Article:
After a brief illness in early summer of 1904, Samuel Jones died at age 57. According to Dr. Glaab and Mr. Barclay, 55,000 people viewed his body as it lie in state. Five thousand people, including thieves and prostitutes, attended his funeral.
During his lifetime, Mr. Jones achieved great success,but less so in his later years. Although his company continued to prosper, his personal fortune had dwindled from $900,000 to $300,000, surprising family members, according to the free-lance writer Ms. Court. In keeping with his beliefs, Mr. Jones had given much of the money to charities.
Meanwhile, according to Dr. Glaab, Mr. Jones was rapidly falling out of favor as a politician, and there was no guarantee he would win the next election.
“In a sense,” Dr. Glaab says, “he was like so many political leaders who became famous. He died at the right time.”
A sitting U.S. president, the speaker of the U.S. House, and the leader of the Senate traversed Ohio campaigning against him, trying to mute the strong appeal of his populist message.
He was Samuel “Golden Rule” Jones, a penniless man who became a millionaire businessman before turning his attention to politics, where he was one of the nation’s foremost political reformers as mayor of Toledo. A stubborn man who hated political parties because of the corruption they encouraged, Mr. Jones ran his company and his administration based on the Biblical precept that one should treat others as one would want to be treated.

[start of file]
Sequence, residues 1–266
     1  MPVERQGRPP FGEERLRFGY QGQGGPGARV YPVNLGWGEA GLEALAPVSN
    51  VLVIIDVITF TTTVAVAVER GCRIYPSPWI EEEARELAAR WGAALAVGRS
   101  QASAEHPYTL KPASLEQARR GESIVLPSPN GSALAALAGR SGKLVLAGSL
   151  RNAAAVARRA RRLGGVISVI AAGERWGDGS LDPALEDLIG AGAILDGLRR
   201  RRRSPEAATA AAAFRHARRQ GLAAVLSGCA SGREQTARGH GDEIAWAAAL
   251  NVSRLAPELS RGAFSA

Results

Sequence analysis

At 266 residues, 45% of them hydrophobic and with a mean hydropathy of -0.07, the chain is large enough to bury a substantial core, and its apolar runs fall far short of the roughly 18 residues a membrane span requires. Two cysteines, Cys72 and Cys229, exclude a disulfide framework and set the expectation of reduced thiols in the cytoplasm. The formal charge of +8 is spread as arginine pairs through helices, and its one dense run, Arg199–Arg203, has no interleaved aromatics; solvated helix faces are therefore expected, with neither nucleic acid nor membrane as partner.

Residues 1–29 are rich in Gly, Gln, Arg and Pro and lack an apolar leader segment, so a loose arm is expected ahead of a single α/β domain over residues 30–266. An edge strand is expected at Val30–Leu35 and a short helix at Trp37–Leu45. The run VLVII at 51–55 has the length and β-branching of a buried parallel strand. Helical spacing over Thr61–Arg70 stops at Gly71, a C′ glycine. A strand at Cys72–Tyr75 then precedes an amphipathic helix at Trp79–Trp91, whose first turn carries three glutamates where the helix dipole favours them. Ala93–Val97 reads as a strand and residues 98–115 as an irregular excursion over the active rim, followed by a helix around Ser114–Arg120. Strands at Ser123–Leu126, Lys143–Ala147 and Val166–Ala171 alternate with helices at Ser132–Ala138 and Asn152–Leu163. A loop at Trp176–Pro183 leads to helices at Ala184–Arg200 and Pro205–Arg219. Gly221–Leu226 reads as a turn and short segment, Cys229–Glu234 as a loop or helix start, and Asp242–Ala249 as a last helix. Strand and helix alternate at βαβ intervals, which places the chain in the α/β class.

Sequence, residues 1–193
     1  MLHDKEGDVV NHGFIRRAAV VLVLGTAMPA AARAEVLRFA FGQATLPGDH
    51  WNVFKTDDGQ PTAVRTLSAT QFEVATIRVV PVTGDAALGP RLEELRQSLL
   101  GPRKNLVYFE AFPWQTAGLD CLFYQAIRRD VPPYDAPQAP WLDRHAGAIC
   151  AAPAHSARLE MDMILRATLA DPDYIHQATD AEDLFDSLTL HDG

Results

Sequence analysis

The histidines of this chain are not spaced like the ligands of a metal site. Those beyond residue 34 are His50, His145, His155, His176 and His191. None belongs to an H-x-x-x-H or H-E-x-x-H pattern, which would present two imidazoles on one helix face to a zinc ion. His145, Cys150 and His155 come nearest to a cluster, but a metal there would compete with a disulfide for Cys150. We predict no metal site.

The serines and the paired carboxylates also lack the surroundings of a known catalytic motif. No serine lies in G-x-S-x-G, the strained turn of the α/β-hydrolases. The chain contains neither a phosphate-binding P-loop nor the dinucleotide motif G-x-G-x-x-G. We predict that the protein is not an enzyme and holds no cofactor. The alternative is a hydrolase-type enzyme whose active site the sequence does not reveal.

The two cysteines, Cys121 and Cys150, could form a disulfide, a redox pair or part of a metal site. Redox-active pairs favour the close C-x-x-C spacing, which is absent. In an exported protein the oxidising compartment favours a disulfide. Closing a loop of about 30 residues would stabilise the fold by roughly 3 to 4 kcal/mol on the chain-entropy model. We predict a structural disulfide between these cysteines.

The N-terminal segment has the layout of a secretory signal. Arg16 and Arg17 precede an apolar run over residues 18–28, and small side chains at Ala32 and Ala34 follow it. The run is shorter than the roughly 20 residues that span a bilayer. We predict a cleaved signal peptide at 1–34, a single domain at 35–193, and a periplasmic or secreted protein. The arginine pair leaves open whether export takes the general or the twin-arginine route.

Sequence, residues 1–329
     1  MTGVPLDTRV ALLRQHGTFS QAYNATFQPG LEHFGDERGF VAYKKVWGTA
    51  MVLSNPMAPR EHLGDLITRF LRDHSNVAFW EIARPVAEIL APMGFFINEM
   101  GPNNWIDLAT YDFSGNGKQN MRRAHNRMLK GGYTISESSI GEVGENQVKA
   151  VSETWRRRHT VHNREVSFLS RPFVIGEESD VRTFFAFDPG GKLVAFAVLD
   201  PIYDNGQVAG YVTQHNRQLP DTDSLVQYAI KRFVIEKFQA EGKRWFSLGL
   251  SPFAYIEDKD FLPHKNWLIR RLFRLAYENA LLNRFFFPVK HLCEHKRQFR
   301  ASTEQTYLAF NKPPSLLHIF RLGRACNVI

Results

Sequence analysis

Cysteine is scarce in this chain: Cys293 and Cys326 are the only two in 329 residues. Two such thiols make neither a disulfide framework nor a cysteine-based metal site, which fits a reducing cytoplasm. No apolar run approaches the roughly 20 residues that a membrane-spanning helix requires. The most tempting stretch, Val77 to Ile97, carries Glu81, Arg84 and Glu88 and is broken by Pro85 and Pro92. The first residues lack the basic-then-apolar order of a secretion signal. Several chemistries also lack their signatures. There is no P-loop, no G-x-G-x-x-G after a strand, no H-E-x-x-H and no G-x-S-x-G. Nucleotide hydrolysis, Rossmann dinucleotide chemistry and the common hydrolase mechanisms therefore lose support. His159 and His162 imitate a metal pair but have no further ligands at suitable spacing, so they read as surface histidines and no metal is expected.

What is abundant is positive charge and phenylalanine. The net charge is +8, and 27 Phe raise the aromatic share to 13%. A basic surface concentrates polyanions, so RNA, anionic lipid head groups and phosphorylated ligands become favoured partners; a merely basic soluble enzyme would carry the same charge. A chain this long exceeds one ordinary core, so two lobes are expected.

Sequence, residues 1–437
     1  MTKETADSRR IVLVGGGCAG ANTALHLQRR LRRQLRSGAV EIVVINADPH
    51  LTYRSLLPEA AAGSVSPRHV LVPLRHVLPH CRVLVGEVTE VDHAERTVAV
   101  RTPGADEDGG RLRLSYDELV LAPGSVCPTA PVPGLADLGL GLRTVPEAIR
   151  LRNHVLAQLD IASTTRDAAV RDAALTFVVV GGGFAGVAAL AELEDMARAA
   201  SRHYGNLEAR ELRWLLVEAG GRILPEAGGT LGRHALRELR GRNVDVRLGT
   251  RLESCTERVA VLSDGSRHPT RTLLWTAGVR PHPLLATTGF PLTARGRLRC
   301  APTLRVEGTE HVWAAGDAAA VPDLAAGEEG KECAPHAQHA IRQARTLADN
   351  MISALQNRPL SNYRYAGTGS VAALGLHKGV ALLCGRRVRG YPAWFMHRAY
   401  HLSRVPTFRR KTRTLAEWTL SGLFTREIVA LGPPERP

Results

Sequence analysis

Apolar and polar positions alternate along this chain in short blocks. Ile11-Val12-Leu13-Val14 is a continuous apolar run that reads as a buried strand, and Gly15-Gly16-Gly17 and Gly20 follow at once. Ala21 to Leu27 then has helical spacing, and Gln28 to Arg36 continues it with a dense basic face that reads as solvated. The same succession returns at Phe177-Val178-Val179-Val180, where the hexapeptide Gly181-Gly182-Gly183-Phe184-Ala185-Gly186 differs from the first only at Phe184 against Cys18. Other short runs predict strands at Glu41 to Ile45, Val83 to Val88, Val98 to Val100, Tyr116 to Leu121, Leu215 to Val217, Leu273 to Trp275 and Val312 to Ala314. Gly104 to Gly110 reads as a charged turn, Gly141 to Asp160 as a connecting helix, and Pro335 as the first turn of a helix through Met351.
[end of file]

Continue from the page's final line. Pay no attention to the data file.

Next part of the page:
He gained national attention for his municipal reforms and for his success in fighting corruption.
He died during his eighth year in office, but the legend of Samuel Jones lives on – nearly 100 years after his death, experts have rated him the fifth-best mayor in United States history.
Mr. Jones arrived in Toledo from Wales via Pennsylvania and Lima, establishing the Acme Sucker Rod Co., which made oil drilling equipment. He won the nickname “Golden Rule Jones” for the policies he implemented at the firm, including the eight-hour workday, paid vacations, and a company park for his employees.
In 1897, with the local Republican Party badly split over whom to offer as a mayoral candidate, they settled on him as a compromise. He won but quickly fell out of favor with the GOP because of his refusal to fulfill their patronage demands. He ran and won re-election as an independent in 1899, winning 70 per cent of the vote.
He served until his death in 1904.
While in office, he implemented many reforms, including a civil service system for police officers and firefighters, and he was known for bringing his “Golden Rule” philosophy to city government, preaching love and forgiveness and light sentences for petty crimes.